The 1944 Victory Garden Program
War Food Administration

From: State Defense Council, Subject files, 1940-1946, Series 419

In order to make up for the deficit on the homefront, the War Food Administration encouraged citizens to plant “Victory Gardens.”

The 1944 Victory Garden Program

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The 1944 Victory Garden Program



fruits. Lessened commercial supplies of canned fruits, as well as their cost, would almost dictate that every home owner with sufficient ground space, plant fruit now.

IX. Home Food Preservation and Conservation Most Essential

Not one bit of garden or orchard produce should be allowed to go to waste. All surpluses from home gardens and orchards, or where available, local market surpluses of good-quality vegetables and fruits should be canned or otherwise preserved for use in homes, school lunches, or for welfare purposes.

X. Better Soil Preparation Will Produce More Vegetables

Early and thorough preparation of the garden soil pays big dividends. Fertilizer will never make up for poorly prepared soil. The plowing should be followed by careful harrowing and seedbed preparation than finished with a rake. Many Victory gardeners are learning what a splendid job of garden preparation can be done with a spading fork and rake, in deep preparation of the soil, and by then removing trash and fining the soil.

XI. Get Weeds and Bugs Early

There is need for instructing new and old Victory gardeners that much better crops of finer vegetables will reward their labor if the weeds were eliminated while they are still small. Every experienced gardener knows this, and also that insect pests are much less of a “plague” if he eradicates them before them multiply or have a chance to do damage. We are all learning, too, that much can be done to prevent damage and loss from plant diseases if those too are controlled as soon as possible. More than that, Victory gardeners must learn also to select disease-resistant varieties and plant disease-free seed as far as possible.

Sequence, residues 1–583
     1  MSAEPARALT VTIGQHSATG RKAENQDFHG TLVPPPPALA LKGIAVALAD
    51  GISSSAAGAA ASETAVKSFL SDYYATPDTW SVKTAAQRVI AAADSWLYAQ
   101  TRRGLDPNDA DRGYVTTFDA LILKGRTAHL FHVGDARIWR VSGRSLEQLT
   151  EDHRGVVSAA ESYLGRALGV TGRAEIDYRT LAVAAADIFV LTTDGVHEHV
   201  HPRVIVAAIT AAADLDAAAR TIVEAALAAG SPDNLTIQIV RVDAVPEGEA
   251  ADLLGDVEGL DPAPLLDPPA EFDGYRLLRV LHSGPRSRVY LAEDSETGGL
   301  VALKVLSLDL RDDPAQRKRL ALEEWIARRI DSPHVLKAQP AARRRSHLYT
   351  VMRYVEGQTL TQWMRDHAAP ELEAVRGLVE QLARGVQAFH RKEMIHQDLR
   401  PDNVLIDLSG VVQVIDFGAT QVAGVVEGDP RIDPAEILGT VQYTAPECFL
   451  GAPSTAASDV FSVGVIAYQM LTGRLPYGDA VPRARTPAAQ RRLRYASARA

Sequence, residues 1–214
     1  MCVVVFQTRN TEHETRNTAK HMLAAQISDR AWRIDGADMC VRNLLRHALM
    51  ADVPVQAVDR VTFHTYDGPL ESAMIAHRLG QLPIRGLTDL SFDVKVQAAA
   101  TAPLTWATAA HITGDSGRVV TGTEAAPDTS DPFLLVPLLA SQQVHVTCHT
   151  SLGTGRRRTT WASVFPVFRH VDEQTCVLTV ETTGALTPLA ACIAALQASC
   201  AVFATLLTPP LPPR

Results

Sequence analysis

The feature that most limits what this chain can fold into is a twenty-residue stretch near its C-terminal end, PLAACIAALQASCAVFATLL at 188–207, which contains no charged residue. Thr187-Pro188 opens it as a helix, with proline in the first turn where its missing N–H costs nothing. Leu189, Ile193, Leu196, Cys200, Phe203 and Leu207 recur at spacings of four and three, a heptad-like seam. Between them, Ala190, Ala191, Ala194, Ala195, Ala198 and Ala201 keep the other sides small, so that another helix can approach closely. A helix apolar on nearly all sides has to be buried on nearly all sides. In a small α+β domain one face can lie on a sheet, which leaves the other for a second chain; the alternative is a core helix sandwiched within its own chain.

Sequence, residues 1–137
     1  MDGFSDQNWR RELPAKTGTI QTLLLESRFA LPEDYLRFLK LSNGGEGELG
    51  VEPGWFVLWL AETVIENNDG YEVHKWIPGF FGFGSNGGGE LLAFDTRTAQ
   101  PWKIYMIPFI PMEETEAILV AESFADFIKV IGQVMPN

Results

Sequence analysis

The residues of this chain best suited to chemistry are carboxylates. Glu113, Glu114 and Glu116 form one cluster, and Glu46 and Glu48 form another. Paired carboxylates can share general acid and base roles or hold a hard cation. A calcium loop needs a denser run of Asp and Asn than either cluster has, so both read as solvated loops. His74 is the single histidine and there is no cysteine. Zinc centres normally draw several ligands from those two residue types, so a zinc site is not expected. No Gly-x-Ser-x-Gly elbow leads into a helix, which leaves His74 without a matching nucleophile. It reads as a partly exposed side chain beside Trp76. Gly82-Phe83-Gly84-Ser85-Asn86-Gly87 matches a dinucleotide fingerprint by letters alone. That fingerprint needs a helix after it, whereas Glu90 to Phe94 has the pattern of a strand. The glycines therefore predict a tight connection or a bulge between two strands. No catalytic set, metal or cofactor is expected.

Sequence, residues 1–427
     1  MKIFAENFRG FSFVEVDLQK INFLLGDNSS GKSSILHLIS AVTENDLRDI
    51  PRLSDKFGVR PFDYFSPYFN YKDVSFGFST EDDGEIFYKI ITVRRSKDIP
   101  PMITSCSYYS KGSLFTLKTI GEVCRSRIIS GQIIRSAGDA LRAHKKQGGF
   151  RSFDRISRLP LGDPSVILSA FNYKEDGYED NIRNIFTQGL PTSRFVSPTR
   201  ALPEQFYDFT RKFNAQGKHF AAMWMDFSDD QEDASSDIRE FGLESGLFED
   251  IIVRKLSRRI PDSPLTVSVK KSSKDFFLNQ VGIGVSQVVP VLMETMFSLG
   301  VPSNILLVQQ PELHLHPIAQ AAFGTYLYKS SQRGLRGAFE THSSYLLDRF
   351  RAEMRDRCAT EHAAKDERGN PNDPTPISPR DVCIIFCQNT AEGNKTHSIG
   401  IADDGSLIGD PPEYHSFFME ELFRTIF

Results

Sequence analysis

XII. A Call to Leadership

To help in reaching the huge goal for 1944, and to help Victory gardeners in their efforts, more competent local garden leaders are needed. We need to have the help of persons who known something of gardening, irrespective of the agency or organization they represent, who constitute a local garden committee, and who will take the lead in organizing and directing the work. We need men and women volunteers who will recruit gardeners, find ground for them, show them how to prepare it, hold garden schools, help gardeners to make garden plans, bring available circulars and bulletins or gardening to the attention of their garden group, conduct garden demonstrations, obtain the help of county extension agents and teachers, and in every way help new and old Victory gardeners to be most successful.